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The Catholic Church may soon canonize an English writer who said “It is terrible to contemplate how few politicians are hanged.”

 

 

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Catholic admirers of G.K. Chesterton have long campaigned to have the English writer sainted. Now, Bishop Peter Doyle of Northampton has appointed Canon John Udris to investigate Chesterton’s cause for canonization.

Doyle made the appointment after he discovered that, while a cardinal in Argentina, Pope Francis had approved a prayer asking for Chesterton’s intercession.

One of the most accomplished Christian apologists of the last century, G.K. Chesterton eloquently defended the Christian faith in tracts like Heretics and Orthodoxy. In these books, Chesterton also detailed a complete – and decidedly libertarian – political philosophy.

Chesterton and his wife Francis.

Chesterton and his wife Francis.

Chesterton warned that, as society became increasingly secular, it was setting government on the altar previously occupied by God. Rather than seek after the perfection of heaven, Chesterton argued, the modern man was empowering rulers who promised to perfect humanity here on earth.

Chesterton admonished readers to turn back to God, to community, and to the family. He wrote “It may be said that this institution of the home is the one anarchist institution. That is to say, it is older than law, and stands outside the State.”

Chesterton is sometimes mischaracterized as a socialist because he is associated with an economic viewpoint called “distributism.” Yet in Chesterton’s day, the word “distribution” did not connote policies like those of President Obama. Instead, Chesterton’s stance was that we ought always to prefer more competition and localized economic activity.hound

Far from being a socialist, Chesterton was categorically distrustful of central governments. He taught that the Christian doctrine of original sin is a “logical negation of oligarchy.” Chesterton recognized that elected officials, just like the rest of us, are fallen human beings, by nature children of wrath.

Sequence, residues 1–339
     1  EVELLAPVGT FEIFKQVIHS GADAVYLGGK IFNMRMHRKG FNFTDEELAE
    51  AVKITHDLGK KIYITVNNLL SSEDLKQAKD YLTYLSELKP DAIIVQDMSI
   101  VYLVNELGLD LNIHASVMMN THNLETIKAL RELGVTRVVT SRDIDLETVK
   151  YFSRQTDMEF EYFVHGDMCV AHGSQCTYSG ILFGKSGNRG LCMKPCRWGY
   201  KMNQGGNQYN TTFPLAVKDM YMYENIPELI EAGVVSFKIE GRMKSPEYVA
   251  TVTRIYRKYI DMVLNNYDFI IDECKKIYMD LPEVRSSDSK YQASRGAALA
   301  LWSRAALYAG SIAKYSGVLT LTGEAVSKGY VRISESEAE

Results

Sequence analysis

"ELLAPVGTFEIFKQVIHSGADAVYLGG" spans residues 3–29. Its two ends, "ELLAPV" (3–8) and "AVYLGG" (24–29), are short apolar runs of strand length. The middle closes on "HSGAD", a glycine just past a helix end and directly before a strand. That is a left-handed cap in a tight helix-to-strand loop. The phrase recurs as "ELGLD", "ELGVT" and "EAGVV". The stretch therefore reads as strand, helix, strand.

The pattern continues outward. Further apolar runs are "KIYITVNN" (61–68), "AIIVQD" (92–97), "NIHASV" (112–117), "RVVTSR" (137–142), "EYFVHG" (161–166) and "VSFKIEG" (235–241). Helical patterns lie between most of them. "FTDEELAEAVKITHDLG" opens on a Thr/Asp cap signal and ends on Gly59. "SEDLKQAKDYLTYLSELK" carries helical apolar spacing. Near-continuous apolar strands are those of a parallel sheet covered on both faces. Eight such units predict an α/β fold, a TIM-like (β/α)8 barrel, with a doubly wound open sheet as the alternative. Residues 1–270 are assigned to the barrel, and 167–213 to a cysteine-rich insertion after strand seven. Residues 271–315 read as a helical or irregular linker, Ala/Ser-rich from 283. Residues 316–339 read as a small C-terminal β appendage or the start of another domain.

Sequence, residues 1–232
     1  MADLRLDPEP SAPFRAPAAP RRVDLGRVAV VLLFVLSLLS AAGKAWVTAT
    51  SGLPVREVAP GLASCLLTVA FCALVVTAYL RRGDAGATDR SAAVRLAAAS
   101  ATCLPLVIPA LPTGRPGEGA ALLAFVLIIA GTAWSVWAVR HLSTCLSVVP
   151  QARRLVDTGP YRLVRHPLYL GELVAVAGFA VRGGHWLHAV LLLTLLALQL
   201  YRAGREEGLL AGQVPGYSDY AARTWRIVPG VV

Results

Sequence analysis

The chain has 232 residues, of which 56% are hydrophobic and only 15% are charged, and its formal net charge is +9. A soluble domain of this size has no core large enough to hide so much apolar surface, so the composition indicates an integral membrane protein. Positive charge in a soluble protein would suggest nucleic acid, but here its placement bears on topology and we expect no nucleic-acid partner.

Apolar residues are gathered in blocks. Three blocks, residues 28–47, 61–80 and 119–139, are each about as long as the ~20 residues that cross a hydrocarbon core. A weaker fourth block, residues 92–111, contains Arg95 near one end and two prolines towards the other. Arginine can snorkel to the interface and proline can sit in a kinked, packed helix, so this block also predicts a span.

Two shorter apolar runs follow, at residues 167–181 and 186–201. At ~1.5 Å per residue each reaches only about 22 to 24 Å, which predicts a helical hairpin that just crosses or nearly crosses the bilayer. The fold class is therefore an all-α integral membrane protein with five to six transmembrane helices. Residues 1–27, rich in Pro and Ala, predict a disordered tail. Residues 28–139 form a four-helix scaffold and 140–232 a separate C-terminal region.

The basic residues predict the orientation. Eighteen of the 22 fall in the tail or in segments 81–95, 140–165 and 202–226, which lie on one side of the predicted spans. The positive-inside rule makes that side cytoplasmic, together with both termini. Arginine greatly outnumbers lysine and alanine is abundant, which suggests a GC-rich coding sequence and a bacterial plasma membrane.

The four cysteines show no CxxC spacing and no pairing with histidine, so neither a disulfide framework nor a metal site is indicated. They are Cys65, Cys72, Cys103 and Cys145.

Chesterton’s brother, Cecil Chesterton, summarized G.K.’s politics by saying that “he is a Tory of the seventeenth or early eighteenth century, born out of his due time. In the Cabinet of Bolingbroke he would have found quite a sympathetic atmosphere. He would have found men, by comparison with their opponents at any rate, sympathetic with the national aspirations of the Native Irish. He would have found men who disliked Imperialism and foreign complications, and held that our fleets and armies ought to confine their energies to the defence of the actual soil of England.”

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  • Alden Smith

    I really should read his books sometime. I believe we should keep the government out of our lives as much as possible.

    • Gustave

      ‘The Outline of Sanity’ is his biggest economical work, I believe. But he was not a Libertarian.

  • Great points here. As society turns away from God, government grows more powerful and bigger. The key to turning back the size of government in the next 10-20 years is to shift back to Christianity as a society. No easy task obviously, but it’s possible and it’s gotta be done.

    • Jason Hunt

      Well, humanity has to worship SOMEBODY!

      • I never said you had to worship a religion.

        • Jason Hunt

          I never said that you said that we have to worship a religion. ^_^

          What I was trying to communicate is that, without God to worship, mankind will end up worshiping himself, usually in the form of government.

  • infamouscrimes

    Ignorant religious faith is not important. Children grow out of Santa, time for people to grow out of Christianity.

    • Barbaric Yawwp

      You’re right we should all become mass murdering Communist Atheists instead. Good thinking.

      • infamouscrimes

        Not believing in something false has nothing to do with politics or economics.

        • Barbaric Yawwp

          Only Atheism is part of Communist and Socialist thought.

  • So maybe you’re not aware he believed Capitalism was just as wrong as Socialism? You might want to read The Outline of Sanity (for starters) before you claim him as a libertarian.

    • Ian Huyett

      He was opposed to oligarchy. He supported private property. This is really a semantic distinction.

      • Chesterton was afraid people would make that exact claim, so in The Outline of Sanity (which AGAIN I would advise everyone including you to read) he defines what he means by capitalism and comes out swinging against it.

        “When I say ‘Capitalism,’ I commonly mean something that may be stated thus: ‘That economic condition in which there is a class of capitalists, roughly recognizable and relatively small, in whose possession so much of the capital is concentrated as to necessitate a very large majority of the citizens serving those capitalists for a wage.'”

        • Mark

          If you haven’t noticed, libertarians are against the same thing, just usually calling it “corporatism” or “crony capitalism” because the capitalism Chesterton opposes is hardly the product of a free market.

  • Gustave

    Only a *very* selective reading of GKC renders him a libertarian. Subsidiarity does NOT equal libertarianism.

    • Ian Huyett

      Decentralization is libertarian.

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